Q. Why the words “in heaven”?
A. These words teach us not to think of God’s heavenly majesty as something earthly (1), and to expect everything needed for body and soul from God’s almighty power (2).
Read: (1) Jer. 23:23-24; Acts 17:24-25; (2) Matt. 6:25-34; Rom. 8:31-32

I don’t know if you have ever played word association where one person says a word and you give back a couple of words that you associate with that word. When you let your guard down or when you play this game in your heart, you can see the pains, the feelings, the ideas that you have that many times you’re not even aware of. But when we say “in heaven”, you may have hazy ideas, not fully formed. In the Lord’s Prayer, Jesus is challenging us with the otherness, the radical nature of God to fill us with awe, wonder and peace as we approach our Father in Heaven. Let’s see what Jesus means by “in Heaven” as we study question 120 of The Heidelberg Catechism.

One of the best resources I’ve ever read on Heaven is “Heaven” by Randy Alcorn. With extraordinary systematization, Alcorn gives us a great picture of Heaven according to The Bible. Heaven is a place where the presence of God dwells. Everything there possesses the glory of God, His splendor, His majesty (Rev. 21:11). Heaven is also a place where everything is restored and where the tree of life is (Rev. 22:1-2). Heaven is a place of no more tears or pain or sorrow (Rev. 21:4). Heaven is where the Almighty, the Creator, He who is in charge dwells.

But Who exactly is God? God exists. He is. Self evident, self existing, self sufficient. He exists beyond His creation (Psalm 97:9) but all His creation testifies about Him. God is also sovereign. He is in control, has the authority and makes everything happens (Is. 44:24). He is the Strong One, the Master, the One Who sees, the Great I Am. He is eternal and unchanging, reliable and trustworthy. Perfect. Just. Omnipotent. He is holy, righteous, gracious and kind. Abounding in mercy and love. Unsearchable. Glorious. Caring. Good. He is so much bigger and greater than ourselves that our limited mind and experience cannot fully understand Him. And yet, through The Bible we do get a glimpse of His Majesty in such a way that we can never box him in or completely get Him so that as we pray our Father in Heaven, our imagination and comprehension is stretched into trust.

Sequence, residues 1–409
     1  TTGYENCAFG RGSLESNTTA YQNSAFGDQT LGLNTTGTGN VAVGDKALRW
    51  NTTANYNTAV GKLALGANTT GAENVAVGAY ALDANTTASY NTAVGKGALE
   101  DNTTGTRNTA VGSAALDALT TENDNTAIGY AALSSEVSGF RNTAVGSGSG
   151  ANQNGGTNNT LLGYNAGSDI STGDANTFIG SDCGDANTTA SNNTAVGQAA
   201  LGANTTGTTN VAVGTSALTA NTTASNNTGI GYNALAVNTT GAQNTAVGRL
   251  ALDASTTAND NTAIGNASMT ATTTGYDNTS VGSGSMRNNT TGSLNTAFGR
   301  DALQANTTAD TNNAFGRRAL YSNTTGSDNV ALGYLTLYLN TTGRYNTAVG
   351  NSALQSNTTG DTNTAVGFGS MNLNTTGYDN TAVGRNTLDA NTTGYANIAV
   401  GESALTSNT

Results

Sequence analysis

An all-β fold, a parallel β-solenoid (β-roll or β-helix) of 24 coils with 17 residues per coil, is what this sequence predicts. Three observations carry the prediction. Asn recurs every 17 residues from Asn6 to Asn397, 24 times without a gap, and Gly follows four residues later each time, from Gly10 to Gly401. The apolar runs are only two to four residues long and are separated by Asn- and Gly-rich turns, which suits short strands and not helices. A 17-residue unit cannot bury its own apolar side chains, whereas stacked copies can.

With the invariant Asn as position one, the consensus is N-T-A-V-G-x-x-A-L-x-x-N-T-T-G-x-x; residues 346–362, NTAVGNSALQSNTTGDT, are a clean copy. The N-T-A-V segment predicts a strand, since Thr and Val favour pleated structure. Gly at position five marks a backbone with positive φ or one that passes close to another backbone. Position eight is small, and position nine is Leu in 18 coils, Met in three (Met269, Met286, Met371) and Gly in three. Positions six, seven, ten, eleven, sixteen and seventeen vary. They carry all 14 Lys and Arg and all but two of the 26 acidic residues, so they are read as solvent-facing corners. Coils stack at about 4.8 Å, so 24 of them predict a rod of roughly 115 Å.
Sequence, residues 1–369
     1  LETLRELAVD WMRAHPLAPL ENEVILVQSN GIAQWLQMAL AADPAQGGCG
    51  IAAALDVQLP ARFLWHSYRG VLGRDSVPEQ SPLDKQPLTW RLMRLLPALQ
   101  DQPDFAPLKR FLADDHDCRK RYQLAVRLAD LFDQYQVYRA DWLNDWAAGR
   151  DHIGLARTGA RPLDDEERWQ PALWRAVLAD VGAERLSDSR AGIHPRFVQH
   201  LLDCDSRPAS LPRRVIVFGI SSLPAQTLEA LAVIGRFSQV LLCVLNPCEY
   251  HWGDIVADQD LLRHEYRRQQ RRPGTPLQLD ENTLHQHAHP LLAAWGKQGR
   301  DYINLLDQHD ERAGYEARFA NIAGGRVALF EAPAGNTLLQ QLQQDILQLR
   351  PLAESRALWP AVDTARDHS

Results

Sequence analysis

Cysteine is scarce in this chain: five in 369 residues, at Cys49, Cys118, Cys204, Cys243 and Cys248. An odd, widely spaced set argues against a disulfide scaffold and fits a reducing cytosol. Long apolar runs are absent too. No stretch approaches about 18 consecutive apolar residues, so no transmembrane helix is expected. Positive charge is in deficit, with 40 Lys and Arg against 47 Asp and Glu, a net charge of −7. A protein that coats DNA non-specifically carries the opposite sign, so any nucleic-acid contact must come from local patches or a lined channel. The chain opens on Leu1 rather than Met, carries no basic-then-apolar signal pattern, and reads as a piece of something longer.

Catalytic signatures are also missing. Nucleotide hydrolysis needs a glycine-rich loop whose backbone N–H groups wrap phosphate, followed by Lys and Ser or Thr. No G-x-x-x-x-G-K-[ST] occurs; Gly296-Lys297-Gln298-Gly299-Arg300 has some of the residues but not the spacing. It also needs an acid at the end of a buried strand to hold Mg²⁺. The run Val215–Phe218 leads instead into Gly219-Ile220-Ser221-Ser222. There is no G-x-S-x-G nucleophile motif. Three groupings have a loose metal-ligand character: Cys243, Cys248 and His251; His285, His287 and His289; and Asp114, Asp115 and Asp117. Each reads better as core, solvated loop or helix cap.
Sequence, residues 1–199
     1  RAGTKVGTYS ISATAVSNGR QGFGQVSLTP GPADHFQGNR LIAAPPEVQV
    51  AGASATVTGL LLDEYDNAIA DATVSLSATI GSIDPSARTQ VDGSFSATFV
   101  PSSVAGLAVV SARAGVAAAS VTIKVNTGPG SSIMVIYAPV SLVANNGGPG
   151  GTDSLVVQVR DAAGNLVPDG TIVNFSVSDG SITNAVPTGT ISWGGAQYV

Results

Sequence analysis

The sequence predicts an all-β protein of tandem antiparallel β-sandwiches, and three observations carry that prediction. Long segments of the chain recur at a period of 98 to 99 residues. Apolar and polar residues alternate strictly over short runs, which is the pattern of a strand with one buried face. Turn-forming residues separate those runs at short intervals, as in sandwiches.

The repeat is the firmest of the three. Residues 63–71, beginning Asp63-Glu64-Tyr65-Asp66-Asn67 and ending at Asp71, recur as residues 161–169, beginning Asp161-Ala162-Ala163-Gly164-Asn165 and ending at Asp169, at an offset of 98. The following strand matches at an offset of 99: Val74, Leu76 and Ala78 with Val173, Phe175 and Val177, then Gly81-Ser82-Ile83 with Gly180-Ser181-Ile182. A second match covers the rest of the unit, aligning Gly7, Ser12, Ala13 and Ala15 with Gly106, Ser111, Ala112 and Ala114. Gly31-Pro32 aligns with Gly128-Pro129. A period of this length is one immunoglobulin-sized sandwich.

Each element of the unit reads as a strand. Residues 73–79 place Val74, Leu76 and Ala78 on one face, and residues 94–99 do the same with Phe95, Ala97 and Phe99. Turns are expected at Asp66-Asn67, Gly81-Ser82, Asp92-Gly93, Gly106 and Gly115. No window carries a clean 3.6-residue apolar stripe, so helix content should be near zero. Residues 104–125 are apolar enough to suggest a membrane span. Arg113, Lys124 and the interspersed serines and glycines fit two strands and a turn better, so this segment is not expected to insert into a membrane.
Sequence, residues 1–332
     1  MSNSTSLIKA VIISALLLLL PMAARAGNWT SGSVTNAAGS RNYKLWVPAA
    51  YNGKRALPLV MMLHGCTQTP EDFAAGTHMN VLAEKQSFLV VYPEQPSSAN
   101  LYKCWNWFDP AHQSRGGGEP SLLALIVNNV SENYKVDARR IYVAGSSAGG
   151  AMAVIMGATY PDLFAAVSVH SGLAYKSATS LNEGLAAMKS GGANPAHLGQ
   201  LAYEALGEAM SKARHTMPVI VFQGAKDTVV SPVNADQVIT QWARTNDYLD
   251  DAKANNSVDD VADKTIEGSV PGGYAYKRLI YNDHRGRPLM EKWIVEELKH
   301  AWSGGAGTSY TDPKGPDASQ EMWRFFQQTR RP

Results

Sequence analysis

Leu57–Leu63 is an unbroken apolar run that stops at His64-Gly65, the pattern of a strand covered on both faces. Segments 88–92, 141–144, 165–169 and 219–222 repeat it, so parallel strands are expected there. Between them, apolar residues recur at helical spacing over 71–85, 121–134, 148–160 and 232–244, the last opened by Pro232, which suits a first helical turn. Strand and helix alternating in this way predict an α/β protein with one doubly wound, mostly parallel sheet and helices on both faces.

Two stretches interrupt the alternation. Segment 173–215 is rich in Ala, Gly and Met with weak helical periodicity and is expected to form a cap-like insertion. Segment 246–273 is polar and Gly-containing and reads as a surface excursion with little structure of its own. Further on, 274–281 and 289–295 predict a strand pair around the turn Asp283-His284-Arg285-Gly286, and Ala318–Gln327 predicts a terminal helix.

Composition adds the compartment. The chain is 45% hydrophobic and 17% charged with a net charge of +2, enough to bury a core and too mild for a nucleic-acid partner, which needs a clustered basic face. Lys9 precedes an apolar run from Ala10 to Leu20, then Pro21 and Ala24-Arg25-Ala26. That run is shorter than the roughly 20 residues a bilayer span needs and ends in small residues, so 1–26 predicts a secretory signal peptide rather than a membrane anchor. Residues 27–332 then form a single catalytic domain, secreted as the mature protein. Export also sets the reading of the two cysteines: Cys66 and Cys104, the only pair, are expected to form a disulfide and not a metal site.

I don’t know the words you associate with Father or Heaven but here, dear sister, Christ is challenging you to understand that God, Your Heavenly Father is not of this world. He is so different and so so good, that the reality of a bad earthy father shouldn’t inform your perception of Him; and the reality of a great earthly father should be but a shadow of who He is. So as you pray and think about your Father in Heaven, Jesus roots you in the fact of God’s Majestic power and love so that as you approach His throne of grace you may do so in confidence of who you are praying to.

As we finish our teaching today, I want to ask you to go through your Bible and start a list of God’s attributes…His Characteristics…His character so that whenever you feel your preconceptions of “father” and “heaven” overwhelm you, you may read the realities that Jesus is pointing you in the Lord’s Prayer. May this list grow your knowledge and confidence in the One Who gave it all.
_____

In awe.
Reformadas.com

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